June 1, 1997 in Nation/World

Mosquitoes Needle Moscow A Sign Of The Run-Down Economy, Pests Mutate Into Nastier Suckers

Clara Germani Baltimore Sun
 

It’s springtime, tulips are blooming, the air is crisp and Muscovites are arming themselves with their vacuum cleaners for nighttime battle with the demons of the night - mosquitoes.

These aren’t just any mosquitoes. These “basement mosquitoes,” known formally in Latin as “Culex Pipiens Pallens,” breed in the depths of Moscow’s high-rise apartment buildings and buzz their way into the lives of Muscovites through ventilation shafts.

They are particularly insidious because they have adapted - “MUTATED!” screamed one tabloid here - to the cozy basement life and developed certain idiosyncrasies.

“In our lifetime, we’ve witnessed the advent of practically a whole new insect that has acquired a whole specialization,” said Olga Goronenkova, head of the Moscow department of medical parasitology.

“They don’t hibernate in winter like normal mosquitoes. They lay eggs without ever having fed on blood, unlike normal female mosquitoes that need to suck blood to produce offspring. And this mosquito attacks people five or six times before it rests on a wall.”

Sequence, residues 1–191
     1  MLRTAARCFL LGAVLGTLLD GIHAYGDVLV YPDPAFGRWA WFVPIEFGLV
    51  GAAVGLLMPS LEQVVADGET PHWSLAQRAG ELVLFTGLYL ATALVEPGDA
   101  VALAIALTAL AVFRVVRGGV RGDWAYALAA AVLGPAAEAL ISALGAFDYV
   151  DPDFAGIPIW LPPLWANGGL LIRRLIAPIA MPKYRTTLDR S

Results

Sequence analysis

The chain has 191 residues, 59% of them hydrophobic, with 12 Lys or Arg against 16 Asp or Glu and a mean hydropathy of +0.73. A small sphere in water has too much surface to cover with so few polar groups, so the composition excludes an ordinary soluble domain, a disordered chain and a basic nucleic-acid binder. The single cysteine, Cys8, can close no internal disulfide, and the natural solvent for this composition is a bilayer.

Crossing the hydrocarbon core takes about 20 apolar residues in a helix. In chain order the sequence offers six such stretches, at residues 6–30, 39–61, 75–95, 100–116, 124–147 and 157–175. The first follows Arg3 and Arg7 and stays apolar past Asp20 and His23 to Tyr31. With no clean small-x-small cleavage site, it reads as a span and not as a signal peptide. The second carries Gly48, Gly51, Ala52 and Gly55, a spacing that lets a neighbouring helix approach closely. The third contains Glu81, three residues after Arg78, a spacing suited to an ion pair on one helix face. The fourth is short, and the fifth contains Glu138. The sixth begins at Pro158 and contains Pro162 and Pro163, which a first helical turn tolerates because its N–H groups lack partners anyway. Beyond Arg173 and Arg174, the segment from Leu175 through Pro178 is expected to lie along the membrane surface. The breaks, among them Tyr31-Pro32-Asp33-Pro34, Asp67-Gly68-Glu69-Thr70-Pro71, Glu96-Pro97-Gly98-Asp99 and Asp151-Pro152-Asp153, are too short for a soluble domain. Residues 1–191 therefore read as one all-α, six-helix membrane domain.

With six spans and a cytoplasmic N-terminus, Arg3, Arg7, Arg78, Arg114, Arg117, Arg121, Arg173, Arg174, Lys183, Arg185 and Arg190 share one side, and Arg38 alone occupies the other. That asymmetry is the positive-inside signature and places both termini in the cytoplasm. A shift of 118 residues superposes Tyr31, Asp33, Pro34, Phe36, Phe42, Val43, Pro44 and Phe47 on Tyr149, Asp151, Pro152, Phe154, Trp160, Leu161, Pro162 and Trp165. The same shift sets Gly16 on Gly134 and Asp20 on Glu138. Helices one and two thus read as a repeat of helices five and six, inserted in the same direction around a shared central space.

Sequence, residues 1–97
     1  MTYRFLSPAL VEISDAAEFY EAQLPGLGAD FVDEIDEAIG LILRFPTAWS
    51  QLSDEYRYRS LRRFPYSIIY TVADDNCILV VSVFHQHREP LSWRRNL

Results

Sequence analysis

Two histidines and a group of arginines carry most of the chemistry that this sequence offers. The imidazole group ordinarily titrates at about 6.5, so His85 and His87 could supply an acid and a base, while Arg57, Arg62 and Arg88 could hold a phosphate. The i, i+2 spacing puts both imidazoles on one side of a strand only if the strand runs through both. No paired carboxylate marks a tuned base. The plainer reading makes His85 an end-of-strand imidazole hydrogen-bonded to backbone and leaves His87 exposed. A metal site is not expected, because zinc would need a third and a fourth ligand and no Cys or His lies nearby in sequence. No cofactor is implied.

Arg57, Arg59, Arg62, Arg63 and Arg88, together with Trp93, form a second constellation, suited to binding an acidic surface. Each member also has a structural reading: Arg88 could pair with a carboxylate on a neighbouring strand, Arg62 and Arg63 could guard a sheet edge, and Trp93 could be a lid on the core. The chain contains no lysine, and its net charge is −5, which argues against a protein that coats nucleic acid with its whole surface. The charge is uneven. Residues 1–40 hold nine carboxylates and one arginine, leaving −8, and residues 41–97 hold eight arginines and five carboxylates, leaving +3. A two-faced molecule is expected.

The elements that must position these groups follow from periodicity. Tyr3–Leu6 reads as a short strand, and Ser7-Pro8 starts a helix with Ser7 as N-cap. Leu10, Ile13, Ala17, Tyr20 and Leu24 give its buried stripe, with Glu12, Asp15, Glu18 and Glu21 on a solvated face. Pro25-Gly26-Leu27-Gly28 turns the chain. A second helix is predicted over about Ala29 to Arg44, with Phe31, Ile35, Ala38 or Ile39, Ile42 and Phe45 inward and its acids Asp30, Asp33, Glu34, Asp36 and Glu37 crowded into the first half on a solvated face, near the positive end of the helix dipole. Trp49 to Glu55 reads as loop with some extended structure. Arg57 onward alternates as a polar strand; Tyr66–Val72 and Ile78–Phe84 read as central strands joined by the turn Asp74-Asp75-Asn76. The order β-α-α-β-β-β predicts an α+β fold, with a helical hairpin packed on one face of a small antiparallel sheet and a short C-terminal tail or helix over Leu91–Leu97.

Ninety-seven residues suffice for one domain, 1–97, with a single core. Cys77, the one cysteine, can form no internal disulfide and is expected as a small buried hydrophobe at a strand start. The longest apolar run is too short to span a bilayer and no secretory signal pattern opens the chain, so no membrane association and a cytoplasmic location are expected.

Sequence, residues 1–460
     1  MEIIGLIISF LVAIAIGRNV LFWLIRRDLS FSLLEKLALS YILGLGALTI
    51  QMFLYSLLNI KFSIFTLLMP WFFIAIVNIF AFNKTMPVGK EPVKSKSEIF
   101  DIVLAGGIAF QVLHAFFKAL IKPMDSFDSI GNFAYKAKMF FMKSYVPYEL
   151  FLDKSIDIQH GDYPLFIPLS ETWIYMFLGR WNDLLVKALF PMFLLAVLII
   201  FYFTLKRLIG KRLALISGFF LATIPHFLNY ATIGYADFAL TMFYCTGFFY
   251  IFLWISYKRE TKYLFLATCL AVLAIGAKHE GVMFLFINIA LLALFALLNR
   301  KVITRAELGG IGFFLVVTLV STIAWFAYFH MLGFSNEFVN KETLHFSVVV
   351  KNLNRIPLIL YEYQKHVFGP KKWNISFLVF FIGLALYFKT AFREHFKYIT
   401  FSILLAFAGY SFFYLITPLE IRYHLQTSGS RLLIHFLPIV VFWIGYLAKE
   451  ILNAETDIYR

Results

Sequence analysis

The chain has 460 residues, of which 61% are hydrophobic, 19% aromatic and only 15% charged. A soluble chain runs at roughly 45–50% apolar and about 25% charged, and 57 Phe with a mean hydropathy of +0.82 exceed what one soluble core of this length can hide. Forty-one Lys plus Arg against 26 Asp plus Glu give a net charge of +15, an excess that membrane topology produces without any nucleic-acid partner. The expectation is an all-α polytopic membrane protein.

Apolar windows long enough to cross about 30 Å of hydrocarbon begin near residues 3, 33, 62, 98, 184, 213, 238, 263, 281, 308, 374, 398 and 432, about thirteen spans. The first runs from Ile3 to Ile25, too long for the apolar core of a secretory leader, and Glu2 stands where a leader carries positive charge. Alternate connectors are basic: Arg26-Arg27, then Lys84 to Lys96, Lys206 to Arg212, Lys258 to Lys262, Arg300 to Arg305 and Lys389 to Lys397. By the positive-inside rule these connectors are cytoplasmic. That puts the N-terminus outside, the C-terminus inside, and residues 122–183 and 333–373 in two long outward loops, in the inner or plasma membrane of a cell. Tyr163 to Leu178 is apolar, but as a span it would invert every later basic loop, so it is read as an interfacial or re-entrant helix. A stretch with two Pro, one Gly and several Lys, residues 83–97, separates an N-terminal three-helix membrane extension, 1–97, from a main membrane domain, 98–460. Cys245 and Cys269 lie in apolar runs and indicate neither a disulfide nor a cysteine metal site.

“We don’t use appliances or chemicals,” said Alexei Pavlov, 24, a geography teacher with a lot of mosquitoes at home. “My parents turn off the lights, let them settle on the ceiling, then they flip on the lights and they attack with the vacuum cleaner,” he said, echoing the hunting technique of other tormented Muscovites.

“It gets most of them - maybe 10 or 20. But all it takes is one or two to prevent you from sleeping.”

The little pests are the legacy of the decline of the Soviet, and now Russian, economy, entomologists say. As the economy got worse, so did the maintenance of government-owned apartment buildings. The less upkeep, the more deterioration of pipes and the more standing water in basements.

“All mosquitoes need is a small pool of water to reproduce,” Goronenkova said.

Youngsters are often the most defenseless against the mosquitoes, said Rima Gornostaeva, a senior researcher at the Institute of Medical Parasitology and Tropical Medicine.

“Often children are bitten so much that it is mistaken for a disease, and they are turned away from kindergarten,” she said.

Goronenkova, who hears many of the outraged complaints, suggested too that the mosquitoes “cause neuroses - just because people lose so much sleep.”


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